SOS Hillary Clinton’s Focus on Development as a Key Aspect of Diplomacy
Secretary of State Clinton has focused on long term diplomatic goals, in part, by authorizing the creation of a Quadrennial Diplomacy and Development Review(QDDR). A QDDR is issued by the Defense Department every four years (with the second “D” being Defense instead of Diplomacy) and for the first time, the State Dept. will be issuing it’s own QDDR, due out sometime in November or December. The WaPo has a preview:
So, how does Madam Secretary want things to be? The QDDR won’t be made public until next month, but in a 5,500-word essay forthcoming in the November/December issue of Foreign Affairs, Clinton offers a preview:
It’s not all about governments anymore.
“In the 21st century, a diplomat is as likely to meet with a tribal elder in a rural village as a counterpart in a foreign ministry, and is as likely to wear cargo pants as a pinstriped suit,” Clinton writes. She calls on diplomats to engage directly with the private sector, civil society and opinion leaders, especially in authoritarian states. How? By drawing from all agencies of the U.S. government to create a “global civilian service of the same caliber and flexibility of the U.S. military.”
Note the second “D” in QDDR.
Clinton wants to elevate development as a co-equal among the priorities of U.S. foreign policy. “Strengthening middle classes around the world will be key to creating the just and sustainable international order that lies at the heart of the United States’ national security strategy,” she writes. She also threads the needle on the old debates about the links between destitution and extremism: “Poverty and repression do not automatically engender terrorism,” Clinton says, “but countries that are impoverished, corrupt, lawless . . . are more prone to becoming havens for terrorists and other criminals.”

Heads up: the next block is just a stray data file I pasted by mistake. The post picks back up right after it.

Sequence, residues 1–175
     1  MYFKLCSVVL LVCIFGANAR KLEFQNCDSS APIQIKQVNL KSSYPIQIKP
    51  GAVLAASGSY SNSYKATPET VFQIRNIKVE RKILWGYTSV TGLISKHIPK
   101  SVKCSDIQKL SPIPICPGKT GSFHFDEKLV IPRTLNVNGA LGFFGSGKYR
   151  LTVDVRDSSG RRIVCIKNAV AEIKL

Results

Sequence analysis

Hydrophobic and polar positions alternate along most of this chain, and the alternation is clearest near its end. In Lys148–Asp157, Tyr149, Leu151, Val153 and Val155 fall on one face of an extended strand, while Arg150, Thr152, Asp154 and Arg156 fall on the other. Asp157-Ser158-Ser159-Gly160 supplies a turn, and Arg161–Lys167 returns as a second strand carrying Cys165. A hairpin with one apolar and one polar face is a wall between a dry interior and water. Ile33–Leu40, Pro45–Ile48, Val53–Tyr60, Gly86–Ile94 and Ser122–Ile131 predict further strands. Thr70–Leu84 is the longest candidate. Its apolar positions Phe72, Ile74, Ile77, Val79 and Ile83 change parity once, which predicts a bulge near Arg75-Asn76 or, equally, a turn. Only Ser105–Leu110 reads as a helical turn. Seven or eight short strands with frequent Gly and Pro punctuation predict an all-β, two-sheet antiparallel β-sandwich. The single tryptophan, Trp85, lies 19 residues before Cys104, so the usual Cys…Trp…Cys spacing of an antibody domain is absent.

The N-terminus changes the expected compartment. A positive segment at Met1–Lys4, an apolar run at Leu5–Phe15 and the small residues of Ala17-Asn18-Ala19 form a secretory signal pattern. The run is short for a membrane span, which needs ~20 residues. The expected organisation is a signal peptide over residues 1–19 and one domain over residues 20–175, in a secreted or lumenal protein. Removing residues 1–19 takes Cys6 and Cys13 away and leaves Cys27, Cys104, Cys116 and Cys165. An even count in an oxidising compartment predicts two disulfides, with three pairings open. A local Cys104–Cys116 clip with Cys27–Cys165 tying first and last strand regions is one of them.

Diplomats at war.
Clinton notes that one in five U.S. diplomats is working in Iraq, Afghanistan or Pakistan. In Iraq, for instance, there are 1,600 civilians working alongside the 50,000 U.S. troops still there, and in Afghanistan, some 1,100 diplomats and civilians are leading reconstruction and development efforts and “will remain there after U.S. troops are gone.”
More cash is needed.
“The House and Senate have appropriated hundreds of billions of dollars for the military missions in Afghanistan and Iraq,” Clinton writes. “The diplomatic and development activities there represent a fraction of that cost, yet the funding often gets bogged down in old debates over foreign aid. . . . These missions can succeed, but only with the necessary congressional leadership and support.”
I think the focus on development is key and Clinton clearly “gets” it. But that was obvious from the beginning when word got around that she wanted the brilliant Dr. Paul Farmer to head up the incredibly important agency USAID. Unfortunately, the vetting process was so stupidly stringent that his prior good works became an obstacle (providing needed medication to poor countries in bulk). Beyond frustrating. Anyway, I blogged a lot about that at the time. Unfortunately, USAID has always been somewhat of a political football and when cuts have to be made, they seem to be the easy scapegoat. Of course defense cuts are usually out of the question, given that defense spending is largely unquestioned and the sacred cow of Congress and the military industrial complex. Secretary Clinton understands that there is more to protecting our national security than dropping bombs and building fancy weapons systems.